For now, tacit Saudi support for Baloch militants is likely to be more about putting potential building blocks in place rather than the result of a firm decision to wage a low-intensity proxy war.
“The recent escalation in militant attacks is a direct reaction to Pakistan army’s growing atrocities in Balochistan and China’s relentless plunder of Baloch resources,” Mr. Baloch said.
Asserting that the Pakistani part of Balochistan has been occupied by Pakistan since 1948, Mr. Baloch insisted that the “Baloch nation is resisting against this forced accession. This insurgency is the continuation of that.”
The alleged Saudi support coupled with plans for a US$10 billion Saudi investment in a refinery in Gwadar and a Baloch mine has sparked discussion in Beijing about the viability of China’s US$45 billion plus stake in the region’s security and stability.
Iranian officials see a pattern of foreign support for insurgents not only in Balochistan but also among Iran’s Kurdish, Arab and Azeri minorities. Their suspicions are fuelled by statements by Mr. Bolton prior to his appointment calling for support of insurgencies and Prince Mohammed’s vow that any battle between the Middle East’s two major rivals would be fought in Iran rather than Saudi Arabia.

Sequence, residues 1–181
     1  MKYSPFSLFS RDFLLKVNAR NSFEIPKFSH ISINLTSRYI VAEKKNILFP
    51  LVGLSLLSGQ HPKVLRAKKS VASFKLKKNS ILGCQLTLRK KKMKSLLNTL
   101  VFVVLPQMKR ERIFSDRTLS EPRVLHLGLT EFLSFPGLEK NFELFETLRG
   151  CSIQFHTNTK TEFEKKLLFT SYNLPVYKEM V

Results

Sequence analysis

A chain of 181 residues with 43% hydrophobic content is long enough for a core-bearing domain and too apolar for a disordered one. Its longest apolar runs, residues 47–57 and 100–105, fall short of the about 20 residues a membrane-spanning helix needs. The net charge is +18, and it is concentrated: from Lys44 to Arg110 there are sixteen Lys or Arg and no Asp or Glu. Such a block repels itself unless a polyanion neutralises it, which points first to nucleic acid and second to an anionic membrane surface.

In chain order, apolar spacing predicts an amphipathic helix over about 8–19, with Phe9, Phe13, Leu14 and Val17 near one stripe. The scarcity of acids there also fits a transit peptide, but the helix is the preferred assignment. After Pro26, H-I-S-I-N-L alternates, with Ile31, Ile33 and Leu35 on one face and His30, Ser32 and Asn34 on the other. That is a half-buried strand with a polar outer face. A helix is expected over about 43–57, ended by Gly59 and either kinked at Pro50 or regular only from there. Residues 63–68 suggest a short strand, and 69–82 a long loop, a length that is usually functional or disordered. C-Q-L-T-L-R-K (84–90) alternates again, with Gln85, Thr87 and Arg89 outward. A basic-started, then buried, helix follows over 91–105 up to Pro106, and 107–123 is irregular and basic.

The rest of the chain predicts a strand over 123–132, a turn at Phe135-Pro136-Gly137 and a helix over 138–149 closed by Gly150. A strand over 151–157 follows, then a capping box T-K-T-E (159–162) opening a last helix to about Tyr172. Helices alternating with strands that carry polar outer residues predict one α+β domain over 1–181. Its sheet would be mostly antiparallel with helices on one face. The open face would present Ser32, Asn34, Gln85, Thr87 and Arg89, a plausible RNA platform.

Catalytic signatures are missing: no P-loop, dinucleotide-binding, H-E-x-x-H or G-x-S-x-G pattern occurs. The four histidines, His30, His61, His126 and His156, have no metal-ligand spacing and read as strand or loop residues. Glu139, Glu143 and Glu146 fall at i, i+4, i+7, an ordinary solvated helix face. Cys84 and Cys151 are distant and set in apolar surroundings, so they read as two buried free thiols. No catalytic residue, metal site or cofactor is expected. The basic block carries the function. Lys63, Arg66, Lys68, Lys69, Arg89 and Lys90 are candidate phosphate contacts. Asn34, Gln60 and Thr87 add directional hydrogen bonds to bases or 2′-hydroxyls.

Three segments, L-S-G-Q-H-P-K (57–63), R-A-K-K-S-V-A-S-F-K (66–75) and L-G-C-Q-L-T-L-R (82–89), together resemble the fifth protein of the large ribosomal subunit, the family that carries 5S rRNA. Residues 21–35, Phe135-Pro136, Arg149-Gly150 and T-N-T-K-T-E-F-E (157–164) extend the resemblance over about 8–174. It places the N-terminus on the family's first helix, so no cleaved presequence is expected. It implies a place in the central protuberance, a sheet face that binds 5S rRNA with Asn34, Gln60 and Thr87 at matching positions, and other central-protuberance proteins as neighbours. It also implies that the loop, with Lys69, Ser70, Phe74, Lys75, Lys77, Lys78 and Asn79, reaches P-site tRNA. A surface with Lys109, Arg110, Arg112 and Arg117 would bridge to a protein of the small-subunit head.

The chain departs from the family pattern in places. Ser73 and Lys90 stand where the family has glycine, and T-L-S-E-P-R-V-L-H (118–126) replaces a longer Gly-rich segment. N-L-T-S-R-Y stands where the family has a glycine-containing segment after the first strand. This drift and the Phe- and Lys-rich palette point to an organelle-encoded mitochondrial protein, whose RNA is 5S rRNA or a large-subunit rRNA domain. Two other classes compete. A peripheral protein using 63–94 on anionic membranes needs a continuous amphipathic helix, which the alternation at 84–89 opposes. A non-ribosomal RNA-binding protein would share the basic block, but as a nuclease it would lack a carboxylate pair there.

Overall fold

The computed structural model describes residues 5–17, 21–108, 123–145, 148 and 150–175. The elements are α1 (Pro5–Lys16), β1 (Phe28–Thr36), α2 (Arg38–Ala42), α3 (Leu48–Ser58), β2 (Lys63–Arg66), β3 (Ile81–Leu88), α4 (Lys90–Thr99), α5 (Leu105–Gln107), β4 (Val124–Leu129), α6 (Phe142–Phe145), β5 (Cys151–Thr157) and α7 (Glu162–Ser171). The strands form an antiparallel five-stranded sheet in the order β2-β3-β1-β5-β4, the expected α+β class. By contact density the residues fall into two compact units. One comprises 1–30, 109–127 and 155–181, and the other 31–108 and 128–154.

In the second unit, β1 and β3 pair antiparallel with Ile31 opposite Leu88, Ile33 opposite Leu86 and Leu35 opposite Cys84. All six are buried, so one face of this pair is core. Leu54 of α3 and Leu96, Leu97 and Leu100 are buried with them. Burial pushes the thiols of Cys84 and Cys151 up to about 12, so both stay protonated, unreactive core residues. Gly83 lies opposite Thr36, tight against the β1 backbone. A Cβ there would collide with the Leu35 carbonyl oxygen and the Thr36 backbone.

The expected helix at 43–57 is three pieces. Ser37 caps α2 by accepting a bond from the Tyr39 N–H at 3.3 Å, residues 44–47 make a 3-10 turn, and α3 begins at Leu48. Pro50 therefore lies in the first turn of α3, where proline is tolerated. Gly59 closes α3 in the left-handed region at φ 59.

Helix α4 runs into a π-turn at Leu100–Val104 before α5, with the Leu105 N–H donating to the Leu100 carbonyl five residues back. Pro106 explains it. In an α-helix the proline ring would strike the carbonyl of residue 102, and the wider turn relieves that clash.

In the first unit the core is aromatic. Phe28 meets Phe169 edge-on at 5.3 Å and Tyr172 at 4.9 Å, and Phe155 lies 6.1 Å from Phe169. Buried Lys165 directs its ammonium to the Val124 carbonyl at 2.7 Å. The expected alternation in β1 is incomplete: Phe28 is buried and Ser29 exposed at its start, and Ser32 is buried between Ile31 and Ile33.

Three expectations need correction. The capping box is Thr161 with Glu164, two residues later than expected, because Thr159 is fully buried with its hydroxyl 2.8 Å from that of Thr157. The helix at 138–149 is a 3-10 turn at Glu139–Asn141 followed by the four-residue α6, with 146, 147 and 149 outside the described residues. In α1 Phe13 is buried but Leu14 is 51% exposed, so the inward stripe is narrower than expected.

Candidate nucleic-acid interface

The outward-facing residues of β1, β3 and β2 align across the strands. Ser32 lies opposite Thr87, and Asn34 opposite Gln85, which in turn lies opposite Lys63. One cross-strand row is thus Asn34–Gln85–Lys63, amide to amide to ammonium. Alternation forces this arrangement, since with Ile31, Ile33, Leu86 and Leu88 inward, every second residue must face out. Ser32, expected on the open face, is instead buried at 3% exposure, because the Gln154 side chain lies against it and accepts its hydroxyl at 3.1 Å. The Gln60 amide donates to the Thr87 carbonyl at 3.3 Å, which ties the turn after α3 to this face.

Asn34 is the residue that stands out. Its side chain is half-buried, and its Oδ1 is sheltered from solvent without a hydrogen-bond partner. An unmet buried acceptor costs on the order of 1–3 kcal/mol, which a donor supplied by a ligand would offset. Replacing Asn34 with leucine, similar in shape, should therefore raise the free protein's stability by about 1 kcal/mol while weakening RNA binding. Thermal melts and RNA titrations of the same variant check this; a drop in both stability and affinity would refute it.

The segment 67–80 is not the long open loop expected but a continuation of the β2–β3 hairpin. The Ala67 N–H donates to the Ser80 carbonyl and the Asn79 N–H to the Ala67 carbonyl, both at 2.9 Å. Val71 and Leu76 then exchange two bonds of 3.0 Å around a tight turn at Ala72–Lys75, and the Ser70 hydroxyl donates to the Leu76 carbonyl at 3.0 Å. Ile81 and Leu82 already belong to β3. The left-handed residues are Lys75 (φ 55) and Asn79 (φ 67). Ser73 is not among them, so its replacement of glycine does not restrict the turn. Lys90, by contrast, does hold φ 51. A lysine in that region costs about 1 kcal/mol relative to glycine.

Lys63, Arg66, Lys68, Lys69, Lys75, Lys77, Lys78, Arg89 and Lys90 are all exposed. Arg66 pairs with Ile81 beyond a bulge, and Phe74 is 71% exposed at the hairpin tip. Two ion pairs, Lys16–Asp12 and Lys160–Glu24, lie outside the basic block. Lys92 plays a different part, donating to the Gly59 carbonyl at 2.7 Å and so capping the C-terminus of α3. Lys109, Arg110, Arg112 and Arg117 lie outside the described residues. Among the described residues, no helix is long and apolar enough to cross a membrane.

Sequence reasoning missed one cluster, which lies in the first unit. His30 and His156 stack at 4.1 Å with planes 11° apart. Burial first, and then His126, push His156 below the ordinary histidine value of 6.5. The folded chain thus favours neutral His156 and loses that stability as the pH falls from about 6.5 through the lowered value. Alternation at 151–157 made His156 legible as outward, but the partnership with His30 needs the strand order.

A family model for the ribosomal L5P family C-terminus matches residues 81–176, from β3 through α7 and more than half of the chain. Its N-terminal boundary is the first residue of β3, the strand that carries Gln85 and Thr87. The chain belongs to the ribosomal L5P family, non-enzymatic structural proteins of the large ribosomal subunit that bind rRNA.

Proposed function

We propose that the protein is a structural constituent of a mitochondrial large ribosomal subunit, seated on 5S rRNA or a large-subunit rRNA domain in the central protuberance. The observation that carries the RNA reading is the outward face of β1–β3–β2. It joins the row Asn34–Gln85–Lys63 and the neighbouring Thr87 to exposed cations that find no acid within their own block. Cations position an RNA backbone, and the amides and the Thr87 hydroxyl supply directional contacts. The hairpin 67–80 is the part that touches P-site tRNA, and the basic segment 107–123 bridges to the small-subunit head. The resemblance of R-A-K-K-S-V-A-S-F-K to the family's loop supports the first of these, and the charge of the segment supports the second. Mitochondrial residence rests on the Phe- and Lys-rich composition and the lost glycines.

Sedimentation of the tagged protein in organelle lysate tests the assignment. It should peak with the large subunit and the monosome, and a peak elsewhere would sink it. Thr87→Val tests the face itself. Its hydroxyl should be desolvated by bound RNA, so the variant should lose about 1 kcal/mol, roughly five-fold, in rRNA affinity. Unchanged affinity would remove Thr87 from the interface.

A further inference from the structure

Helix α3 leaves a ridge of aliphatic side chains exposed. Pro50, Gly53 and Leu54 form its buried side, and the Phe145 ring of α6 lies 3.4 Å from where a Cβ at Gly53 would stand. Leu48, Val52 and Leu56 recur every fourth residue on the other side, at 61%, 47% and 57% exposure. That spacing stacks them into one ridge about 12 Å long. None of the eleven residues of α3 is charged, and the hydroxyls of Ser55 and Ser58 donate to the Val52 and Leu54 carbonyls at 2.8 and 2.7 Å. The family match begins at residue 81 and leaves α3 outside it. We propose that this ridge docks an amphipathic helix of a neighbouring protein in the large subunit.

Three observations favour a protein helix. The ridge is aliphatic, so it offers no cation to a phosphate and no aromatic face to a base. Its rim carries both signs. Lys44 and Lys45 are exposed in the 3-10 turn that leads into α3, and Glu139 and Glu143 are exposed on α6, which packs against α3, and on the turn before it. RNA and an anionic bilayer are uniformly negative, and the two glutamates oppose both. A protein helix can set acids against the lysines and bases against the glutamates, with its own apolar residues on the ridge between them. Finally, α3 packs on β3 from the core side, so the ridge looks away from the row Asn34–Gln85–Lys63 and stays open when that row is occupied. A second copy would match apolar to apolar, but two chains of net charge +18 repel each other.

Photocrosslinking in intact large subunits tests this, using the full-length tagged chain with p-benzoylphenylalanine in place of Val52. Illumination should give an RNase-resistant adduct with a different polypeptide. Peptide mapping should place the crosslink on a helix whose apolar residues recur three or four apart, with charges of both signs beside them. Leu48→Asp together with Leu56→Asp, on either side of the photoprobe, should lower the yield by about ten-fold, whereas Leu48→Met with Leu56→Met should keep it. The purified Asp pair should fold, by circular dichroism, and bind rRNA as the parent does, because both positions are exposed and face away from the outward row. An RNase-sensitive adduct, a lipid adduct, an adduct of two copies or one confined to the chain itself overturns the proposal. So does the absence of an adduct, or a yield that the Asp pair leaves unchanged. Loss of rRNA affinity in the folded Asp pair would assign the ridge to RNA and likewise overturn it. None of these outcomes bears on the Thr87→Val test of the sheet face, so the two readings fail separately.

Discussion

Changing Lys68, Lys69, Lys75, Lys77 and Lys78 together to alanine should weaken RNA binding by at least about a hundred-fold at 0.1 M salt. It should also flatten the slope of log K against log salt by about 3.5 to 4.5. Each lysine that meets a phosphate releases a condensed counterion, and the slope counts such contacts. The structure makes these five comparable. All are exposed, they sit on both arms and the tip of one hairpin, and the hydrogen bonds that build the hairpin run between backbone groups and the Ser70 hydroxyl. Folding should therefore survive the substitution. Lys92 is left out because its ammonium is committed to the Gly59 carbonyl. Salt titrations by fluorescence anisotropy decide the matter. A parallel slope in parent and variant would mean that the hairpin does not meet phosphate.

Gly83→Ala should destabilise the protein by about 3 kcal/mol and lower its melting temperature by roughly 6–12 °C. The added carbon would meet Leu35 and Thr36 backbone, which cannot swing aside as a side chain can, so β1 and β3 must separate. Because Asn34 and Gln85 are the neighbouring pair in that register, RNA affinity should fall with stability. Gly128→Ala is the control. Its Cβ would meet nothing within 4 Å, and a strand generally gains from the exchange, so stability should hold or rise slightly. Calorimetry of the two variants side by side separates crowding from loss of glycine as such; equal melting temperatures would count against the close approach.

Complicating the situation along Iran’s borders is the fact that like in the waters of the Gulf where naval assets are eyeing one another, it doesn’t take much for the situation to escalate out of control. That is particularly the case with Iran having shifted tactics from strategic patience to responding to perceived escalation with an escalation of its own.
Iran moreover has been preparing for a potential covert war waged by Saudi Arabia and possibly US-backed ethnic insurgent groups as well as the possibility of a direct military confrontation with the United States by building a network of underground military facilities along its borders with Pakistan and Iraq, according to Seyed Mohammad Marandi, an Iranian academic who frequently argues the Tehran government’s position in international media.
Iran recently released a video showcasing an underground bunker that houses its missile arsenal.
In a further heightening of tension, Iran’s Revolutionary Guards attacked on Friday Iranian armed opposition groups in the Kurdistan region of Iraq with drones and missiles. Iranian artillery separately shelled villages in a region populated not only by armed anti-Iranian and anti-Turkish Kurdish groups but also smugglers.
The strikes followed the killing of three Iranian revolutionary guards. A spokesman for the Democratic Party of Iranian Kurdistan (PDKI) denied responsibility for their deaths.